John McGahern is one of those writers whose work continues to be appreciated across a range of readerships. As a writer who eschewed the notion of himself as 'artist' he addressed his task through a commitment to style, what he called the 'revelation of the personality through language'. McGahern's work began to receive critical attention only from when Denis Sampson's seminal study, Outstaring Nature's Eye: The Fiction of John McGahern was published in 1993. This book focuses on the physical landscape to show how the inadequacy of the State that emerged after 1922 is reflected in the characters' shifting relationship with the landscape, the connection has been made vulnerable through trauma and painful memory. It explores this sense of resentment and disillusionment in McGahern's novels, drawing parallels between the revolutionary memories and McGahern's own family experience. McGahern's All Over Ireland offers a number of fine stories, mostly set in Ireland, and dealing with distinctly Irish themes. He wrote a novel that is an example of openness, compassion and understanding for any form of strangeness. The vision of education and of the shaping of identity found in his writing is not an idiosyncratic one - it is consistent with much of the best thought within the tradition of liberal education. The book provides an intriguing comparison between McGahern and Flannery O'Connor, illustrating how diverse stories share an underlying current of brutality, demonstrating their respective authors' preoccupation with a human propensity towards evil.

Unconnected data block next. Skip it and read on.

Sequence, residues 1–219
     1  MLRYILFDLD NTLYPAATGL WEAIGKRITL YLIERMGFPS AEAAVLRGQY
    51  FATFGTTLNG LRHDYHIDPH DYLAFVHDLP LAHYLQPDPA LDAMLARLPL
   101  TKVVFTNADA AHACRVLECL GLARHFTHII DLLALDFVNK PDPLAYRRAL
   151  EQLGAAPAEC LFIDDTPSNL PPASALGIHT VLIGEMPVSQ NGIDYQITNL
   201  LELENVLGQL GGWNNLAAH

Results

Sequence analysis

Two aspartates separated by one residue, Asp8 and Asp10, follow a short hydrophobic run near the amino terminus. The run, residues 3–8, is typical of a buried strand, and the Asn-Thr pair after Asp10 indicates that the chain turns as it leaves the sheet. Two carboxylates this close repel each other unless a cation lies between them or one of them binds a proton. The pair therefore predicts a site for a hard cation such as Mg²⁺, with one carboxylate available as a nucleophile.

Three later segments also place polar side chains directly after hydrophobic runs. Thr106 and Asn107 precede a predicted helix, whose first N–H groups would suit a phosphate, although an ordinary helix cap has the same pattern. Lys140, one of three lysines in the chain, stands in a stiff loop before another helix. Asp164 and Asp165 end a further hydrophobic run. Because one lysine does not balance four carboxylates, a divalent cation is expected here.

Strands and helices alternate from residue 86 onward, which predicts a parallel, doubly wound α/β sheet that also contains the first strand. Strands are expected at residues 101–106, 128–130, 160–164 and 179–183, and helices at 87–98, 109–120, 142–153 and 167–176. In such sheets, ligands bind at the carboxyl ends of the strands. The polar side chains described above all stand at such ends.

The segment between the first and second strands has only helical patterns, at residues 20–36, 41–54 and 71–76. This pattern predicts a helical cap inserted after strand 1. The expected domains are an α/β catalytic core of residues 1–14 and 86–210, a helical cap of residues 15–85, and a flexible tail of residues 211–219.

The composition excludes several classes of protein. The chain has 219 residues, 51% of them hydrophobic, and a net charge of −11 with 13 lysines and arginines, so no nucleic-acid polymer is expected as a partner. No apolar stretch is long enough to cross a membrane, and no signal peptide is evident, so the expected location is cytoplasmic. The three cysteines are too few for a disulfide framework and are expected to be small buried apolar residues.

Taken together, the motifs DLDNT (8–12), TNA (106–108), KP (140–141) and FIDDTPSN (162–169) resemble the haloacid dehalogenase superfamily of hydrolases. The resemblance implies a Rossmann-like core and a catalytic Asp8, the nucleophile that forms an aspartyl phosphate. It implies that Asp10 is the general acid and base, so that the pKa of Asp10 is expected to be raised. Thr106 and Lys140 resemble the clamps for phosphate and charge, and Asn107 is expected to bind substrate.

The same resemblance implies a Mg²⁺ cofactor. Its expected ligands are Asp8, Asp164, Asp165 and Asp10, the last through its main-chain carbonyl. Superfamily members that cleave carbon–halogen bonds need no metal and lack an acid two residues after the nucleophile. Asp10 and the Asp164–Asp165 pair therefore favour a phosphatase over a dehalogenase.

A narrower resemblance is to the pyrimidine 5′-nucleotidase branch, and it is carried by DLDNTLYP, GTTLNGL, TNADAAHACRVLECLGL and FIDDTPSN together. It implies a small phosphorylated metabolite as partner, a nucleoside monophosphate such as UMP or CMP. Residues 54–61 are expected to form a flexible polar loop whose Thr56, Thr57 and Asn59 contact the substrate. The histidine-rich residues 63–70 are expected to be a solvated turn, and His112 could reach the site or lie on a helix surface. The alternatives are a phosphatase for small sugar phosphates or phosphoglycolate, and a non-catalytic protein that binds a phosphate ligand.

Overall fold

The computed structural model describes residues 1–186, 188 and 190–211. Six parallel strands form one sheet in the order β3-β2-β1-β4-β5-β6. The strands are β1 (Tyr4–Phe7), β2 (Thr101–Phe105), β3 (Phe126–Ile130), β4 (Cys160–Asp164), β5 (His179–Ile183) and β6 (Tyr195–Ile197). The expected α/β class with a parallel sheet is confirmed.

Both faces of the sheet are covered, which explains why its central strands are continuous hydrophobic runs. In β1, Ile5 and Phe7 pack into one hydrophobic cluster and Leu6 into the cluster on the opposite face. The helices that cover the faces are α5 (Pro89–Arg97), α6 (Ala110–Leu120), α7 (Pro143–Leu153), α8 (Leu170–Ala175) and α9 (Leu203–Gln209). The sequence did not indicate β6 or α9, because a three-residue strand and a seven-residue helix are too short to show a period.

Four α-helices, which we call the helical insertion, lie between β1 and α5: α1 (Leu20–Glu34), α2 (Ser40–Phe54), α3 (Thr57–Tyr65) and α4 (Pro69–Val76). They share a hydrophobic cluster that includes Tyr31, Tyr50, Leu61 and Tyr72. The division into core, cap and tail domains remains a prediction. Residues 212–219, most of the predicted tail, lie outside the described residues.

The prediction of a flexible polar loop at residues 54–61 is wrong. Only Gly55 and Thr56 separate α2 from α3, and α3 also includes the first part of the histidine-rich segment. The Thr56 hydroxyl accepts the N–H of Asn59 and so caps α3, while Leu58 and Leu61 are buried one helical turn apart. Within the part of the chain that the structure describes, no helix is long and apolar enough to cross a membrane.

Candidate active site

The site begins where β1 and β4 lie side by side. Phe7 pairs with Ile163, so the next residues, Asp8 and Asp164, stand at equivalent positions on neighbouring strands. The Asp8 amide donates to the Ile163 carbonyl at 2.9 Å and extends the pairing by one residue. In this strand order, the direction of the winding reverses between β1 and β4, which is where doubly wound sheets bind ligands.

One key aspect of characterization is the construction of character psychology, the
attribution to fictional representations of beliefs and desires, personality traits,
and moods and emotions. Characters are products of social cognition, the human
propensity for making sense of others. However, they are also products of artists who
fashion them to appeal to our nature as social beings. Through an analysis of Todd
Solondz‘s Welcome to the Dollhouse (1995), this paper describes three processes of
social cognition which are crucial for audiovisual characterization: folk psychology,
causal attribution, and emotion expressions.
: authority and vision
the deep American South, known for her economical, dead-pan, reportorial
style. Yet McGuinness ably reveals the striking similarities to be found
when the stories are read in the context of Catholic origins. The essay
illustrates how two stories so diverse in style, but sharing an underlying
current of brutality, demonstrate their respective authors’ preoccupation
with a humanpropensity towards evil.
Through a close reading of ‘Oldfashioned’, a story that explores displacement and cultural shifts, David Clare (Chapter 7) considers McGahern
This book also addresses the artificiality, otherness and alienation encoded in the
binary machine–human, a ‘techno-dualistic account of ourselves, as software running
on the hardware of our bodies’ stemming from ‘an immemorial humanpropensity to
identify ourselves with, explain ourselves through, our most advanced machines’.4